Page:Romeo and Juliet, a Comedy by Lopez de Vega. William Griffin, 1770.pdf/24

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Celia carries off her dying miſtreſs; immediately the ſcene changes, and repreſents a ſtreet in Ferrara; two cavaliers, named Rutilio and Fernando, are ſerenading Sylvia. Sylvia is a lady of this city; ſhe makes her appearance but once in the whole piece, and then is only ſeen at her window.

The characters of this ſcene are merely epiſodical, and have no connexion with either the Montagues or Capulets: the author introduces them only to give Romeo an opportunity to revenge himſelf for the ſuppoſed infidelity of Juliet. Nothing can be more poor than this paſſage.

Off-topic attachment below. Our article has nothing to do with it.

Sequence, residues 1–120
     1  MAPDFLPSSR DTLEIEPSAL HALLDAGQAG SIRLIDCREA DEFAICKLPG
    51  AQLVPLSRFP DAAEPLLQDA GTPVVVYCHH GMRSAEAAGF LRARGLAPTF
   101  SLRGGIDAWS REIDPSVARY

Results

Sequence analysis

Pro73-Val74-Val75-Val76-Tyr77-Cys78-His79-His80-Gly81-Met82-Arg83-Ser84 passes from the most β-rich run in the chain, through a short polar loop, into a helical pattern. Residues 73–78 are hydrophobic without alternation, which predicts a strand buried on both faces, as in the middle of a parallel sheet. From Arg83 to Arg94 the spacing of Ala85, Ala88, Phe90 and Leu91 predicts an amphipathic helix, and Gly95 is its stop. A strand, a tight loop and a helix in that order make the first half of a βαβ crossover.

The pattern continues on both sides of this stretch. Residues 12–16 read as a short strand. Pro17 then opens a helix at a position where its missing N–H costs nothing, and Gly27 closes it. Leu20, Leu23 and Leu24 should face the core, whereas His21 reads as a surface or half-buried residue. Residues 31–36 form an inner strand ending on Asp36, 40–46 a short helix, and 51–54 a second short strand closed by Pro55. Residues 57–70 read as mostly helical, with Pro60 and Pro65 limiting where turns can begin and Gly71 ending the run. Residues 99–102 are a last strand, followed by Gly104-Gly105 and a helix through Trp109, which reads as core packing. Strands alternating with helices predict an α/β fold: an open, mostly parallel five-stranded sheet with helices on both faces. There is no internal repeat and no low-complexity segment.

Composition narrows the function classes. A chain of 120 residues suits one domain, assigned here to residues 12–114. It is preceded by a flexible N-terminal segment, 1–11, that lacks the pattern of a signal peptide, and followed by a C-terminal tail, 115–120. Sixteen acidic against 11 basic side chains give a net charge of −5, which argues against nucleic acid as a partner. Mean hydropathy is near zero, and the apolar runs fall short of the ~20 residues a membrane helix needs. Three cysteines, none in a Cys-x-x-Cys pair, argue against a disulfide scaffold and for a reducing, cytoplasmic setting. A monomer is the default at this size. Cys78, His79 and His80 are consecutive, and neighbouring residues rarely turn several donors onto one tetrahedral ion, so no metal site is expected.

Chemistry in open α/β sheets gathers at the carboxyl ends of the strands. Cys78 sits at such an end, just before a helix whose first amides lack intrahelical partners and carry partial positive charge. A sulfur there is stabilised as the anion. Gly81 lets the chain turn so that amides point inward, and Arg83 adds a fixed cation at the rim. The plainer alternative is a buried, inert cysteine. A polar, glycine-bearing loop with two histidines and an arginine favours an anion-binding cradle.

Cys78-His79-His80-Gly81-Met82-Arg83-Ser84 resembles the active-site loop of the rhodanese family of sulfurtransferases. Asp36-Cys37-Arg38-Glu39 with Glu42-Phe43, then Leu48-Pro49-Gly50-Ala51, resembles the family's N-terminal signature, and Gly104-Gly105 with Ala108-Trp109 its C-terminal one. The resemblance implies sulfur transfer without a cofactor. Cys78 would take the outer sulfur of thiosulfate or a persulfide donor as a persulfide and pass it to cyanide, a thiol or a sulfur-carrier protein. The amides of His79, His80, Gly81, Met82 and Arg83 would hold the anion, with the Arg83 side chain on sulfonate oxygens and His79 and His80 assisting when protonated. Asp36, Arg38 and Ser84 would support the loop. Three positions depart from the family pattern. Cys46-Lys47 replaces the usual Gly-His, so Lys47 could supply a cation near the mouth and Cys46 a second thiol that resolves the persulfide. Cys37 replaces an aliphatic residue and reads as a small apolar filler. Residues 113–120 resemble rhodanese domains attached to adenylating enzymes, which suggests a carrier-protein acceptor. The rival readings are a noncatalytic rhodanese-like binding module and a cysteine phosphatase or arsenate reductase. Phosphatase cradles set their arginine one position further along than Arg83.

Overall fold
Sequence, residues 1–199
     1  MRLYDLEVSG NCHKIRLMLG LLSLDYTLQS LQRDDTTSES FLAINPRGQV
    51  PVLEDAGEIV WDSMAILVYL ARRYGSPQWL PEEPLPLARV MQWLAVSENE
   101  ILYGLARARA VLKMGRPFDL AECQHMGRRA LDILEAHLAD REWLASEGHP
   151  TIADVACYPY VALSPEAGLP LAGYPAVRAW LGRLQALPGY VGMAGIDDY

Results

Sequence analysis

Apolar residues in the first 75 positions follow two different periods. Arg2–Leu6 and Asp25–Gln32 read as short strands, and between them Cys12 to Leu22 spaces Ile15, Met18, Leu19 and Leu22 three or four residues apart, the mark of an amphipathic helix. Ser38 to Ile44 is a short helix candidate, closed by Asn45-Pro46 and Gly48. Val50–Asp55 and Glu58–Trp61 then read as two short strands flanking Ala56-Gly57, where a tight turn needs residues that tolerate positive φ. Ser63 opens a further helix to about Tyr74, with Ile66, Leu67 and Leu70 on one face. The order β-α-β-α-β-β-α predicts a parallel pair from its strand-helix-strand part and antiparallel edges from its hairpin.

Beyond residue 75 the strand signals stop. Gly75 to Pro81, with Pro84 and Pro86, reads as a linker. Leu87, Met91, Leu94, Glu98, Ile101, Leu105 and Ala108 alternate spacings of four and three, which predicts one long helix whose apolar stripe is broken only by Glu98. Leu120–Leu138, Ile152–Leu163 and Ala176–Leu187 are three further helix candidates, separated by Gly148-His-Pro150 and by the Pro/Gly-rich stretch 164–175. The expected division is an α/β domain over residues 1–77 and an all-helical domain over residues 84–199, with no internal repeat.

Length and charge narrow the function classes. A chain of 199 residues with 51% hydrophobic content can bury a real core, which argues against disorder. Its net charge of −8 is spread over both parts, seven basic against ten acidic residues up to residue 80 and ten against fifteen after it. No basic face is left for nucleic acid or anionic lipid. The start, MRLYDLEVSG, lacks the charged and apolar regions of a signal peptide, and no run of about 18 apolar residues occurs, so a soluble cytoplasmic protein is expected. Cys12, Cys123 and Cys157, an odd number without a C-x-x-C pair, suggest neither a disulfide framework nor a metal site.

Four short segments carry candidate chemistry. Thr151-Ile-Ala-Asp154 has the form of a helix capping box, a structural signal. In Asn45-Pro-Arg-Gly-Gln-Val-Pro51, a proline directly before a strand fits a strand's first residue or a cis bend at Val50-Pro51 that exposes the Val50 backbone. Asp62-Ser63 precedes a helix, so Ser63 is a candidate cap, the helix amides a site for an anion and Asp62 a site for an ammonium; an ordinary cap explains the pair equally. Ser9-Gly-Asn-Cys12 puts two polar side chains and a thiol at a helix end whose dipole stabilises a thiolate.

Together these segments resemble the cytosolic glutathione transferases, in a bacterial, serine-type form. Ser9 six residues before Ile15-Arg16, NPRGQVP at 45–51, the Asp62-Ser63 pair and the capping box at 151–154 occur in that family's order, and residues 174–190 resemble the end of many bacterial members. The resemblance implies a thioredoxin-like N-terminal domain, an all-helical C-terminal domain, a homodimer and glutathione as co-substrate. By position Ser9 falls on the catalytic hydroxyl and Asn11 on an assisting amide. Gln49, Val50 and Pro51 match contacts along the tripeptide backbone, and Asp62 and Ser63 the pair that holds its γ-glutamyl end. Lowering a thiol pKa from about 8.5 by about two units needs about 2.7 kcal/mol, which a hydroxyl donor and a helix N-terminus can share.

Aurora begins to break through the ſhades of night; Romeo arrives; the two cavaliers retire for no reaſon whatever, except, becauſe the poet pleaſes they ſhould; Romeo makes love to Sylvia, but with ſuch an air and tone, as prove his heart full of another object, and that Juliet is ever miſtreſs of it. In vain would he pretend to change; his vexation deceives him; his firſt paſſion is only the more violent for it.

Anſelmo, who is juſt arrived at Ferrara, ſeeks Romeo, and meets him in the ſtreet; Sylvia ſhuts her window and retires: Romeo learns from Anſelmo the adventure of the phial, which makes him tremble with horror; his eyes are opened, he ſees how wrong he was to ſuſpect the fidelity of his miſtreſs; his grief forces him to break out into